The high profile release of Pranab Mukherjee’s new book, the first after he demitted office as the 13th President of the Republic, in the presence of the Congress chief Sonia Gandhi, former Prime Minister Manmohan Singh and several erstwhile and present allies of the UPA, has triggered speculation regarding his possible return to the political arena. Significantly, none of the NDA leaders, with whom Mukherjee enjoyed a warm and close personal relationship, were invited for the function held at the Teen Murti auditorium, to reiterate the ideological dimension of the exercise.
Concurrently, the direct fallout of Dr Manmohan Singh’s comments on the occasion that Mukherjee was more qualified to be the Prime Minister than he was, is that the Congress settled for the second best person to be the head of government during its ten-year rule, a poor reflection on how it treated the country.
Thirdly, the event was used deftly by Sonia Gandhi to declare from the sidelines that Rahul would soon be taking over from her, thereby putting to rest conjectures in relation to her son’s future, as well as sending a signal to the former President that the party was now going to go ahead in choosing its new leader and saw in him a former associate whose contributions would always be treasured.
Mukherjee is acknowledged by even his critics as the most accomplished and astute political leader of our times, and he has evidently released his memoirs to drive home the point that the “Coalition Years” (the title of his book) were not yet over, and thus the alliances by the opposition would be necessary to challenge the supremacy of the BJP in general, and Prime Minister Narendra Modi in particular. In other words, it is more so because the Congress has run out of steam and, therefore, requires crutches for assistance to regain its lost status.
Although Mukherjee has not upfront expressed his desire to be on the centre stage, yet the setting of the book launch clearly suggested that there was a well-calibrated move to resurrect the former President in a new avatar, where he could be the rallying point for secular parties, given that many of the current leaders would cross one another out for the flimsiest of reasons. It virtually is obvious that Rahul’s elevation as the party chief later this month was not a guarantee of his being selected to head a possible coalition of parties to take on the BJP and the NDA. He would first have to cope with difficulties within the grand old party before he seeks out to look for greener pastures.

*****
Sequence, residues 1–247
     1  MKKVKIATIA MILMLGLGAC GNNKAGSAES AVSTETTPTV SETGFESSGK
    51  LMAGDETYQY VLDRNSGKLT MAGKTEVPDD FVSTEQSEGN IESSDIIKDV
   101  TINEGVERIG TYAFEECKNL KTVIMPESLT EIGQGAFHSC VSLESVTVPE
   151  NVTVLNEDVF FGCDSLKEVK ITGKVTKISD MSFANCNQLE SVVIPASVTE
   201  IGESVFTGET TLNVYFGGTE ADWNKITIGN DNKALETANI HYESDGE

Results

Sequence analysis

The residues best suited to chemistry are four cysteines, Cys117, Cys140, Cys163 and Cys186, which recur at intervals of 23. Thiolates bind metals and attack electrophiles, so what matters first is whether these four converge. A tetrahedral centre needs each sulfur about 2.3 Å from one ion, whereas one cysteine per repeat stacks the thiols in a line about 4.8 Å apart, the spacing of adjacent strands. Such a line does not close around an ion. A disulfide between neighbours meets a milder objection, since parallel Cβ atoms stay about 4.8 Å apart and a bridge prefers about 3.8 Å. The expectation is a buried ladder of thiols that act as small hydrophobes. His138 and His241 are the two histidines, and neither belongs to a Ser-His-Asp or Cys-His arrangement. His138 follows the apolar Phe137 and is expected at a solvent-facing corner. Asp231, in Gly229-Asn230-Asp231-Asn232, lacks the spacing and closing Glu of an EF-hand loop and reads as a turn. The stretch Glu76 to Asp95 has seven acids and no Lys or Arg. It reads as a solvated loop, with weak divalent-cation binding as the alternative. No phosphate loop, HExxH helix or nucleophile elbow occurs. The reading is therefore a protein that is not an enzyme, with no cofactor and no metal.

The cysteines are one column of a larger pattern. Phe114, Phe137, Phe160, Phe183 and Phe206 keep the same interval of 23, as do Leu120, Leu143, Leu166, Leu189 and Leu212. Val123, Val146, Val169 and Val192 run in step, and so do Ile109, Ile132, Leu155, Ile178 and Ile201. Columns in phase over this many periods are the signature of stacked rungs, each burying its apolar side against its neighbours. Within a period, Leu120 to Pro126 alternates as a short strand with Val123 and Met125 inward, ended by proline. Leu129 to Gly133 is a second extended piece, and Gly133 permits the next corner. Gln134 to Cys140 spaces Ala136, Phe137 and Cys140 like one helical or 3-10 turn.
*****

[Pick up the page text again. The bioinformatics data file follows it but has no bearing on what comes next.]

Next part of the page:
On the other hand, Mukheree, while displaying both reluctance and hesitation, would wait to be invited by political parties to give them direction. As a matter of fact, the presence of CPM general secretary Sitaram Yechury, Samajwadi Party president Akhilesh Yadav, CPI leader Sudhakar Reddy, and DMK MP and M. Karunanidhi’s daughter, M.K. Kanimozhi provided palpable proof that Mukherjee’s leadership was acceptable to all these outfits. Each one of them applauded the former President and eulogised him for his meritorious traits, including his sharp memory, political acumen and comprehension of the affairs of the state.
Dr Manmohan Singh, for the first time openly acknowledged at a public forum that Mukherjee had everything that was required to be the Prime Minister, and he was definitely more suitable for the job than he was, but looking towards Sonia Gandhi, who was seated on the front row, stated, “he had no choice in the matter”. A notable feature of Singh’s admission was that he also regarded Sharad Pawar, besides Mukherjee, to be an extremely competent person, whose sound advice on important matters could never be brushed aside.
Singh’s undiluted admiration and endorsement of his former colleague sent in the political space the accurate kind of signals, thus propping up the former President as a future political star. It also showed Singh’s naiveté, since his statement inadvertently led analysts to conclude that the UPA, in choosing him, had faltered, while ignoring the most suitable person for the prime ministership—a matter that has serious consequences, because in plainspeak, it purported that he (Singh) had been thrust on the nation.
Anticipating that his highly-publicised book release would trigger speculation, Mukherjee, known for his insight and perceptiveness, clarified in an interview to a magazine that he could not be the Prime Minister since he was “in the Rajya Sabha” and “could barely speak Hindi”. The reference to Rajya Sabha was to highlight that Manmohan Singh became the Prime Minister despite being in Rajya Sabha and that H.D. Deve Gowda was the head of the government despite knowing little of either Hindi or English. Thus Mukherjee, through a play of words, overcame what could subsequently be seen as his limitations, and sent a missive that if he had to be accepted it would be on the way he was.
Aware that Mukherjee’s event could lead to speculation, Sonia Gandhi, who originally was not scheduled to attend the function, showed up accompanied by Rahul Gandhi. A normally reticent Sonia Gandhi spoke briefly to a TV channel to indicate that Rahul’s election as party president could happen soon after Diwali. Her comment could have made headlines, but Singh’s genuine praise of Mukherjee became the highlight of the evening.
It was clear to everyone, that if presented with an opportunity, Mukherjee could come out of his recent retirement and he, in any case, was by no means going to lead the life of a political recluse. The last word, on the subject is yet to be heard.